• Do your products or services have any features that are hard to copy?
As you define your USP, make sure to frame it in a way that explains why your audience should care. Consider how your USP could benefit your customers. Then, plug it into your template. Template for writing a unique selling proposition With your USP established, you can move onto your brand or mission statement. This message will communicate your full brand identity. It can touch on your USP, but it doesn’t have to. In Ikea’s case, its brand statement (business idea) does connect to its USP. It focuses on Ikea’s mission to provide affordable and useful furniture at an accessible price. Example of a brand statement from IKEA   Homebuyers racking your brain for brand or mission statement ideas? Try filling out this template: “Our organization exists to provide [benefit], [benefit], and [benefit] to [audience] through [product or service].” You can leave your brand statement like that for now or develop a statement one step up from your template statement. Once you’re satisfied with your brand or mission statement, add it to your template. Example of a brand statement outline  

Step 4: Create a Description of Your Ideal Audience(s)

To truly connect to someone, you need to understand their background and preferences. This principle also applies to marketing and communications. One of the most important aspects of a communications plan is a clear definition of your intended audience for that reason. While you want as many people as possible to take interest in your brand, you’ll actually reach more people by tailoring your messaging. When you design your messaging around the people with the highest chance of using your product or service, you’ll get higher-quality leads.

How to Identify Your Target Audience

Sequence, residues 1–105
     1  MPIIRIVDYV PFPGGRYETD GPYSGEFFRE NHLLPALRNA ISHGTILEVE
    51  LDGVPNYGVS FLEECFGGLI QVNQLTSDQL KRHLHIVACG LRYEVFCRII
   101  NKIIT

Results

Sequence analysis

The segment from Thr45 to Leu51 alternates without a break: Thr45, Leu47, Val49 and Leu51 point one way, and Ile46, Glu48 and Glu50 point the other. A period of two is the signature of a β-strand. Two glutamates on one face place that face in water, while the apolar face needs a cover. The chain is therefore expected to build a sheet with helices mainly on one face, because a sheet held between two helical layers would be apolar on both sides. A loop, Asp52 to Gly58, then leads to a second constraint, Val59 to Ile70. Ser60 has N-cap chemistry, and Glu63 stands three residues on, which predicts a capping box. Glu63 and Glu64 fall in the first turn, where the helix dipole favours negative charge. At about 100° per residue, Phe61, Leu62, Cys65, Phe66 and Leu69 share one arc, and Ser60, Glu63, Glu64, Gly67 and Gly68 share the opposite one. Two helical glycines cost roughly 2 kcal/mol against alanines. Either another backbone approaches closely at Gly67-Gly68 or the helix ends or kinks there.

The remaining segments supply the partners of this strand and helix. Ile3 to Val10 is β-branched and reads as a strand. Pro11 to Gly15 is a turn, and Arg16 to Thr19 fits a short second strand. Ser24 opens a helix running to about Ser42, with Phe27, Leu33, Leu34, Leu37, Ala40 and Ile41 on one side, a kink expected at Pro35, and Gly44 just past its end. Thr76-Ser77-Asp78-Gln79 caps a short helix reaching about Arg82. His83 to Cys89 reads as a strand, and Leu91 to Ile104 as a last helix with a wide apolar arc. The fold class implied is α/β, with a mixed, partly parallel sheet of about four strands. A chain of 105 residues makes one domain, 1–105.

Good, old-fashioned data will help you figure out the best audience for your product or service. Regardless of your organization’s age and resources, you have high-quality audience data available at your fingertips. Try one of these strategies:
  • Survey your customers: Use a tool like Google Forms to ask your current customers about their demographics and preferences, such as age, gender and their favorite products.
  • Check out your Google Analytics: Hook up Google Analytics to your site to learn more about your visitors. It delivers data on demographics like location, gender and interests.
  • Examine your social media followers: If you have an active social media presence, look over your current followers and look for trends. You can also view your competitors’ followers to see who they attract.
After you collect this information, make a one or two-sentence description about your audience. You can have multiple audiences, so feel free to break up your audience groups if needed. Here’s an example of an audience description: “Young city-dwellers in their late twenties to thirties looking to buy their first home.” Put your audience descriptions in your template. Feel free to give each audience a unique name (such as “Younger Home Buyers”) for easier organization. Example of a template to find your target audiences  

Understand Other Key Publics, Too

If your organization interacts with people and entities other than customers, consider noting them as well. Examples of these audiences include media organizations, government agencies and partner organizations.

Step 5: Craft Your Key Brand Messages for Each Audience

Now that you know which audiences you want to communicate with, you can craft brand messages for each of them. Think of your main brand statement as the base for your audience-specific brand messages. Then, ask yourself these questions to tailor it to each of your audiences:
  • What are the most important things for this audience to know about my organization?
  • What are some common misconceptions this audience has that I can clear up?
  • What language can I use to make this audience feel understood?
  • What values does this audience have that relate to my brand?
Once you have a few key messages for each of your audiences, plug them into your template. You can make separate slides or sections for every audience if you’d like. Example of a key messages template  

Step 6: Choose Your Communication Channels

You have your brand’s key messages — now, it’s time to figure out how to spread them. Here are some of the most popular communications channels for business marketing:
  • Your organization’s blog: Blog posts offer the chance to share helpful information, announce company news and establish topical authority.
  • Email marketing: Try using email to send newsletters, sales offers and marketing outreach to relevant lists.
  • SMS marketing: Text messages work well for event reminders, exclusive discounts and sales announcements.
  • Media relations: Media relations are the bread and butter of communication strategies. Readour blog post about public relations to learn how to make the most of them for your organization.